In a highly competitive market, where companies are looking to technology to help give them the edge to stay ahead...
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of their competition, business intelligence has always been the area at which department heads have looked to help them monitor and manage the performance of their teams. BI dashboards that can provide feedback on customer service scores or sales quotas can provide valuable insights and help support business decisions across the company.
Despite the strong need for BI tools, many companies struggle with end-user adoption, and some attribute that to the complexity and cost of the tools in the market place.
Microsoft is looking to do things slightly differently in order to engage more end users across organizations, and its Power BI platform is showing clear signs that things are looking up for both Microsoft and its customers. Power BI is the data visualization platform that Microsoft has been pushing and showcasing as its flagship BI product. The service was released to the general public back in 2015, and it has already earned itself a top spot in the Gartner Magic Quadrant in just two short years.
The Power BI platform offers organizations a complete cloud product that can store and manage data visualizations made from client data that either resides on premises at the client sites or online. Power BI enables both advanced and novice users to build meaningful dashboards that are relevant to them, with little need for advanced training or licensing, though (Power BI does offer free licensing for individuals to use the platform for themselves, with some limitations).
The BI dashboard continues to provide functionality that supports end-user adoption in several different ways. Here are the BI dashboard best practices enterprise users can adopt within the platform.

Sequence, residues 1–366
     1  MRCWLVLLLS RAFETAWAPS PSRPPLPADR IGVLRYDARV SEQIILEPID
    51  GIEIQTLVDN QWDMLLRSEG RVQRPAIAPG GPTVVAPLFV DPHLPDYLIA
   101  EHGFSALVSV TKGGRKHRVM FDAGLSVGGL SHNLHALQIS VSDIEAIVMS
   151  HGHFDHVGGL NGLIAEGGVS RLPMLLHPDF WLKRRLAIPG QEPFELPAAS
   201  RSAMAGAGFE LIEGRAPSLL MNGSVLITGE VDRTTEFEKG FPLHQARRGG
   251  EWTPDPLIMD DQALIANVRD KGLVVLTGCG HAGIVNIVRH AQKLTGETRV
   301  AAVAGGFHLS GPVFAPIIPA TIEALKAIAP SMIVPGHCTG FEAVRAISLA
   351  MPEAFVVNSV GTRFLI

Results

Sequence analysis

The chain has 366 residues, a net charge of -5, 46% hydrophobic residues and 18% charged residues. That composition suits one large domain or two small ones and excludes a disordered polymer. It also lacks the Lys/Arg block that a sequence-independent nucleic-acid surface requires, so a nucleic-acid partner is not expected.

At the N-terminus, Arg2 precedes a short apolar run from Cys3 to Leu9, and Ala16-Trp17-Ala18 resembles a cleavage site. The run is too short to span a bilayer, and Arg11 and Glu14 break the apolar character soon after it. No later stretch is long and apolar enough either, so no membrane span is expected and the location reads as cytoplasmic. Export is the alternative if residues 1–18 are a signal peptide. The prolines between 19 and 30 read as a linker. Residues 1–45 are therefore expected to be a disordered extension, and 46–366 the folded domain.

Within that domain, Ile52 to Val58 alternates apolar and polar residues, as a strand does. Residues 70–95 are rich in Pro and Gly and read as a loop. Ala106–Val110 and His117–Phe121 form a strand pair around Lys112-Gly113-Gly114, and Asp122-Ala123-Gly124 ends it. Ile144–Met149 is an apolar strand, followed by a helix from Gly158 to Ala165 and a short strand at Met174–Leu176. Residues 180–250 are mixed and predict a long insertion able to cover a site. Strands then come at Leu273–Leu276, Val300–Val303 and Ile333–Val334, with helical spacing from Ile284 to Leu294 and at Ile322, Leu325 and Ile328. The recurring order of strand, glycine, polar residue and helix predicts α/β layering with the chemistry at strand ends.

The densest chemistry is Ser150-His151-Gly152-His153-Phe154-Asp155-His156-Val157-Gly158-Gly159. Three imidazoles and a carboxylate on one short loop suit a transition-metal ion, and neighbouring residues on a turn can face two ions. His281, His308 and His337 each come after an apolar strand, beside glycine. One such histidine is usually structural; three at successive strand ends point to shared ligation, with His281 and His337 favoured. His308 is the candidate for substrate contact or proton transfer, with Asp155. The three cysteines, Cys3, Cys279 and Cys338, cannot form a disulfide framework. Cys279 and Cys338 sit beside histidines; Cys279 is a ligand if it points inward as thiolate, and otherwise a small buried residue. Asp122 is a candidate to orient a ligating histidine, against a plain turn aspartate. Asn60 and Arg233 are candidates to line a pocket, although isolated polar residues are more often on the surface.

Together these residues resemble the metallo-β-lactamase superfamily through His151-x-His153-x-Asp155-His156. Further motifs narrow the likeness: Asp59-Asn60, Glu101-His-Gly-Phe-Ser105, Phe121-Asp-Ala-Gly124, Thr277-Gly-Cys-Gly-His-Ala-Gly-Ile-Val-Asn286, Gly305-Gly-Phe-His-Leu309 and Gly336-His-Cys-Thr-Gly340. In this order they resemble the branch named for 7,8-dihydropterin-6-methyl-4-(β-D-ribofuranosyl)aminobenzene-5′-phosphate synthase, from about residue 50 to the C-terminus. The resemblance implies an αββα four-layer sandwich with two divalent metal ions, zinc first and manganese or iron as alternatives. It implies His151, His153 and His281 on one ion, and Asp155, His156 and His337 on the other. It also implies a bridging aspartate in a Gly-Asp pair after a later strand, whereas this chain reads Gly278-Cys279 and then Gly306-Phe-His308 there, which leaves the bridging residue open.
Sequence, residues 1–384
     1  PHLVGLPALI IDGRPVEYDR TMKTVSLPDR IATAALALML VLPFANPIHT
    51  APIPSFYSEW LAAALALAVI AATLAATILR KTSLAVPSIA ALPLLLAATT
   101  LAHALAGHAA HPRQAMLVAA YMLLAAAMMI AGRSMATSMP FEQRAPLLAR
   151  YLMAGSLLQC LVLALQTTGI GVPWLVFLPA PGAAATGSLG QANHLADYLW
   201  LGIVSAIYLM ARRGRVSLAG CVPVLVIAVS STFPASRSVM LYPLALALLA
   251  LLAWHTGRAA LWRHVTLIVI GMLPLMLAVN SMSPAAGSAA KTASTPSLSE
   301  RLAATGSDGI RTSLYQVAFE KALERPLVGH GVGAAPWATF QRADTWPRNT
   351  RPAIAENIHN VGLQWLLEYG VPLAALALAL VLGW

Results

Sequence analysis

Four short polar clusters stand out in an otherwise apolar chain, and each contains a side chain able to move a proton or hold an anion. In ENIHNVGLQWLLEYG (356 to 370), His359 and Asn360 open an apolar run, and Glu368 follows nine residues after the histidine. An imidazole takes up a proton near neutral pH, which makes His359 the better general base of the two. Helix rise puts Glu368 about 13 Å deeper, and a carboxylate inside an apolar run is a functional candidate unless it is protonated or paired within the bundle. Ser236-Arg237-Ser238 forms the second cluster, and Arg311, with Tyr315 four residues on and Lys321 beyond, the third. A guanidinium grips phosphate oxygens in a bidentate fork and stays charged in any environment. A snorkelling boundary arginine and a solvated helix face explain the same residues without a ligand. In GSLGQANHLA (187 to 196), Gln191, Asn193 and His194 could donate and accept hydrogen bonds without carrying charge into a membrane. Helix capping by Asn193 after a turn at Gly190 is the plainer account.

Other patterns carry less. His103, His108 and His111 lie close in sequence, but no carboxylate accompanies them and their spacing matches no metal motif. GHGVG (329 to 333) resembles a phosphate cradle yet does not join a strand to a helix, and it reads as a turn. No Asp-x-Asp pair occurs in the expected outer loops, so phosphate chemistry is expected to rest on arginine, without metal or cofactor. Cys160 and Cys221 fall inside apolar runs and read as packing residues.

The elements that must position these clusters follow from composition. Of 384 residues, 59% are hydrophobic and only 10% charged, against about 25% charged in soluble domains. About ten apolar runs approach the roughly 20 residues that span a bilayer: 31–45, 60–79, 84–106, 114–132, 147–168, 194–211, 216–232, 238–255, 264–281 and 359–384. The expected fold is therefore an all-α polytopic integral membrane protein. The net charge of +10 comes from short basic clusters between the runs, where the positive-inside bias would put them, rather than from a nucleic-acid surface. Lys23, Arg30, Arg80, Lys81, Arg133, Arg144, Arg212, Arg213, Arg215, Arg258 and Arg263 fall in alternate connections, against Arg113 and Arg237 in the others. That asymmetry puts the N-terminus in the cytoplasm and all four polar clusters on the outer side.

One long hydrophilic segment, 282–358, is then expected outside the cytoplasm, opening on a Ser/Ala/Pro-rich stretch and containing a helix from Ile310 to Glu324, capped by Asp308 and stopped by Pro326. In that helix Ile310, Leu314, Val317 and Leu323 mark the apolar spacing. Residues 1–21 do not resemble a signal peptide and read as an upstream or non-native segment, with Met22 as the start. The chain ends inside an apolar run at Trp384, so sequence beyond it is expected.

Standardize data visualization components across multiple products
The BI dashboard comes packaged with many commonly used Microsoft products, including SharePoint, Microsoft CRM, Dynamics and, of course, Office 365. These products all include some level of reporting capabilities, and some of them even include dashboards.
Since the introduction of Power BI, Microsoft has not been shy about rolling out its new BI stack and embedding it in as many products and services as it can. Power BI is slowly becoming a familiar name for many CRM, SharePoint and Office 365 users. This approach by Microsoft is encouraging users of some of its other products to become more comfortable with the platform by seeing it in action across multiple workloads.
Consolidate reporting for quick data retrieval
Companies tend to find themselves dealing with multiple BI and reporting platforms. Different business units have typically adopted what is, in their mind, the appropriate set of reporting tools for them. But, as IT decision-makers begin to realize that platforms such as Power BI can cater to most departmental requirements, leveraging one common BI platform from which all dashboards can be managed and distributed is valuable.
The software-as-a-service product enables all of its users to access their department's dashboards in one central location, and offers the user the ability to create different workspaces in which teams can interact and communicate around different BI findings. End users also have the option to create specific Power BI apps that can act like BI dashboards that deliver specific sets of reports designated for specific roles or individuals within a department.
View insights from within an organization's own apps
Another key feature of Microsoft's BI platform is its ability to integrate with a company's custom applications. This feature helps end users stay within the business application and consume BI dashboards without changing applications.
Large enterprise clients have welcomed some of the recent changes to the licensing model under which they can use the Power BI Premium licensing approach. With this approach, organizations can have a mix of users licensed under the Power BI Pro license, in addition to a general consumption based fee for the general end users who may not be frequent consumers of BI dashboards. This approach helps reduce the costs that were once associated with the need to license every user who touched dashboards, even periodically.
So far, Power BI has risen in the ranks of business intelligence and data visualization tools in a space that has been historically crowded. With the existing market penetration that Microsoft has, and continued investments into the features and capabilities of Power BI that create stickiness with business users, Microsoft will continue to see an increase in the number of users, especially if organizations use these BI dashboard best practices.
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